Navigating the Highest Navigable Lake in the World: July 30, 2010

 Posted by Michael Broder at 7:30 am  Peru  Comments Off on Navigating the Highest Navigable Lake in the World: July 30, 2010
Jul 302010

July 30, 2010: Navigating the Highest Navigable Lake in the World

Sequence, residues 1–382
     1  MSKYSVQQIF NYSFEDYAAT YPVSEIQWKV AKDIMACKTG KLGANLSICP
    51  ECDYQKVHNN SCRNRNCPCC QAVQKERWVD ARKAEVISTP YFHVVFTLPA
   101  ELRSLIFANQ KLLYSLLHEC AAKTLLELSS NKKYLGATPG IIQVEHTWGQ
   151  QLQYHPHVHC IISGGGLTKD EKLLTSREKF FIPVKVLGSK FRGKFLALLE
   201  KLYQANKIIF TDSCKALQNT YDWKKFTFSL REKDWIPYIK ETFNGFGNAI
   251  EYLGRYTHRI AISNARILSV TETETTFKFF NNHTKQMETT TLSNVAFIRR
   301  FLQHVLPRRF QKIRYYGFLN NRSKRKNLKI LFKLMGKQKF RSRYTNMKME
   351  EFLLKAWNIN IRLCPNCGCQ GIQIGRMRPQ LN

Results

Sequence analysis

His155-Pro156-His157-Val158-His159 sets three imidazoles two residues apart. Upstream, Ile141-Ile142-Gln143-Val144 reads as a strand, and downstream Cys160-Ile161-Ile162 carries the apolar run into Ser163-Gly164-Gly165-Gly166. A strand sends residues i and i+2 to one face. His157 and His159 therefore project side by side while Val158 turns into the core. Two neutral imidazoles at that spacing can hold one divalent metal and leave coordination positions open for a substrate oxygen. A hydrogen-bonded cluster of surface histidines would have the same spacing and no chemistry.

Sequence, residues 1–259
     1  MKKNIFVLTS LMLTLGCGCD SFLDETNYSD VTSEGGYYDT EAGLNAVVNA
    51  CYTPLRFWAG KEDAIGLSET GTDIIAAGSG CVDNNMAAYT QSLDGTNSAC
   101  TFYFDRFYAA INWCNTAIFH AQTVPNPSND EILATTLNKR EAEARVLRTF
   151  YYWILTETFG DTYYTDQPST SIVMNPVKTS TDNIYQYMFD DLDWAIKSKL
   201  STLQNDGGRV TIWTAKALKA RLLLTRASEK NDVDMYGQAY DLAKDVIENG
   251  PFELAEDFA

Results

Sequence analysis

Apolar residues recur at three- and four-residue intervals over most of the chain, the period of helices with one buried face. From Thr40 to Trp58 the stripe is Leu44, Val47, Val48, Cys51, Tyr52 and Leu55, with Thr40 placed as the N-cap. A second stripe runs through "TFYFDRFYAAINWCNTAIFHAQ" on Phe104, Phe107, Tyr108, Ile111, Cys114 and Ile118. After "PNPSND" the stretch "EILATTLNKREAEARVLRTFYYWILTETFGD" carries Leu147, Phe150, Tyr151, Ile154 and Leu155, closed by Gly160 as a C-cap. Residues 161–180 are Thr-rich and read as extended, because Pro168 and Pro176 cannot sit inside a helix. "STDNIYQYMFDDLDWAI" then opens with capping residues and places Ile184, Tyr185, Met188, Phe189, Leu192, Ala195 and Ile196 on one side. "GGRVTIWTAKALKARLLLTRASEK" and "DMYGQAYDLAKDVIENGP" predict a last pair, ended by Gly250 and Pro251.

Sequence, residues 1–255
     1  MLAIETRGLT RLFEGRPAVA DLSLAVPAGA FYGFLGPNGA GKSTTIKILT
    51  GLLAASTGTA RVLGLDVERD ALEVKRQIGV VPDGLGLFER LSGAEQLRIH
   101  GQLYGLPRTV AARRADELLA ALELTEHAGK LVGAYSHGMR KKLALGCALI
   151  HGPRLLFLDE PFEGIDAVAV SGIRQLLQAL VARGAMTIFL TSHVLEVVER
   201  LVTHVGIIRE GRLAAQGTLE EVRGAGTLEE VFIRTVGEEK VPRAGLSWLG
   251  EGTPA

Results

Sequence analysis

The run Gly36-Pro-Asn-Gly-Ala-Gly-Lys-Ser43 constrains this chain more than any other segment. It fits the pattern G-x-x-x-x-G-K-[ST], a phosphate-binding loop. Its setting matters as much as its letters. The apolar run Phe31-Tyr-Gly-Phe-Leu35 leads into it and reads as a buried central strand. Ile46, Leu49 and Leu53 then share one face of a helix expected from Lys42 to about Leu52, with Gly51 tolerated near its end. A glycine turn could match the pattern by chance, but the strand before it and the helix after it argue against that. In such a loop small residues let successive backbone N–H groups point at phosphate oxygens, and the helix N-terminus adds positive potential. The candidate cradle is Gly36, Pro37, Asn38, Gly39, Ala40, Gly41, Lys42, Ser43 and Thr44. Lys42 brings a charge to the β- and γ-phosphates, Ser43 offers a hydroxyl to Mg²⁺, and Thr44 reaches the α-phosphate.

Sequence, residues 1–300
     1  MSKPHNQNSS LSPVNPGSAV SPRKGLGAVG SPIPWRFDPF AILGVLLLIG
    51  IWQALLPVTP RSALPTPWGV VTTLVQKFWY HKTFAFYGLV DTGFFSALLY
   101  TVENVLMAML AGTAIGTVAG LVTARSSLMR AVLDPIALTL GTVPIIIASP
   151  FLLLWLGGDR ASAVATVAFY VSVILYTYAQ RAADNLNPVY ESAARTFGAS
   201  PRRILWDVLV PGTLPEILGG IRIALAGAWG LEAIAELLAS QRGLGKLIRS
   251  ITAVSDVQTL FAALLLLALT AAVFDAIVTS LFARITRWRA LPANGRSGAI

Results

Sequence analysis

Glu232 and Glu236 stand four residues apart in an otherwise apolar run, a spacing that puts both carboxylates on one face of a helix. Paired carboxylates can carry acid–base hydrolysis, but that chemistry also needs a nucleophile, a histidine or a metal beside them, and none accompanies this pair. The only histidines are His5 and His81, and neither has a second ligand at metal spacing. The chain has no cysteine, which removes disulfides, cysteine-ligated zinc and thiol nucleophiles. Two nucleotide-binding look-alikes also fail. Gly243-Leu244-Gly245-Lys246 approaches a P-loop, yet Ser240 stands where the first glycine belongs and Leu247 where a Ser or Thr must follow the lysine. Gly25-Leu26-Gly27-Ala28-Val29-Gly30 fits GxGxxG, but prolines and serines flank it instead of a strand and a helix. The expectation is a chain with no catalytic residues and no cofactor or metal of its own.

I am sorry that this blog is so late but I only had one day between my trip to Puno and Lake Titicaca and my stay in the jungle. on July 19, 2010, four of my housemates and I took a bus to Puno so that we could explore the highest navigable lake in the world and the 2nd largest in South America, Lake Titicaca. Before we took our 10:30 pm bus, most of my housemates and I went out for Thai food, which was good, but I still miss the kind from home. Some people in my house smoked Hookah during dinner while the rest of us just relaxed and enjoyed the good food. When we got to the bus terminal, we could not for the hell of us find our bus. Eventually, we found and boarded the nicest tour bus I have ever seen. It had brand new leather seats that reclined almost completely back. It was full of tourists, which is always the sign of a quality busline. I was the only one with an empty seat next to me, so I had plenty of room to spread out and get comfortable for our 7 hour ride. I took Benadryl before I left and hence was passed out for virtually the entire journey to Puno.